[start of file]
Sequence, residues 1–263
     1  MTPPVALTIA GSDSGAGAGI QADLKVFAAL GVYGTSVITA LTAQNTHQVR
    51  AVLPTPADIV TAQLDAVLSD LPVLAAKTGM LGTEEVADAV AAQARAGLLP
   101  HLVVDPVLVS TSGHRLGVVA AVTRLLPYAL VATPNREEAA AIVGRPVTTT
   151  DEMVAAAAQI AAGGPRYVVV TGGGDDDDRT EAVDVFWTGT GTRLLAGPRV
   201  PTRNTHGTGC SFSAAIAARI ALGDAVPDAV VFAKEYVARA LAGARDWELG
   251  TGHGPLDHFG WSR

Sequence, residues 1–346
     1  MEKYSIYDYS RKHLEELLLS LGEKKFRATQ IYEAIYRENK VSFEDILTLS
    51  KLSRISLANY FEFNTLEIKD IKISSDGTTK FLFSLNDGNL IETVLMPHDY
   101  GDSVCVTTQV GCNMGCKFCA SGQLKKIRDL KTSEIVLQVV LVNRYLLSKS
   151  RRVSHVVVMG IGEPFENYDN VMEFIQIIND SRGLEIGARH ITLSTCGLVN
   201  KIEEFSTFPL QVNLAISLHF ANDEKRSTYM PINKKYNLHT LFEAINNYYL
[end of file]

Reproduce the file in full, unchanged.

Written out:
Sequence, residues 1–263
     1  MTPPVALTIA GSDSGAGAGI QADLKVFAAL GVYGTSVITA LTAQNTHQVR
    51  AVLPTPADIV TAQLDAVLSD LPVLAAKTGM LGTEEVADAV AAQARAGLLP
   101  HLVVDPVLVS TSGHRLGVVA AVTRLLPYAL VATPNREEAA AIVGRPVTTT
   151  DEMVAAAAQI AAGGPRYVVV TGGGDDDDRT EAVDVFWTGT GTRLLAGPRV
   201  PTRNTHGTGC SFSAAIAARI ALGDAVPDAV VFAKEYVARA LAGARDWELG
   251  TGHGPLDHFG WSR

Sequence, residues 1–346
     1  MEKYSIYDYS RKHLEELLLS LGEKKFRATQ IYEAIYRENK VSFEDILTLS
    51  KLSRISLANY FEFNTLEIKD IKISSDGTTK FLFSLNDGNL IETVLMPHDY
   101  GDSVCVTTQV GCNMGCKFCA SGQLKKIRDL KTSEIVLQVV LVNRYLLSKS
   151  RRVSHVVVMG IGEPFENYDN VMEFIQIIND SRGLEIGARH ITLSTCGLVN
   201  KIEEFSTFPL QVNLAISLHF ANDEKRSTYM PINKKYNLHT LFEAINNYYL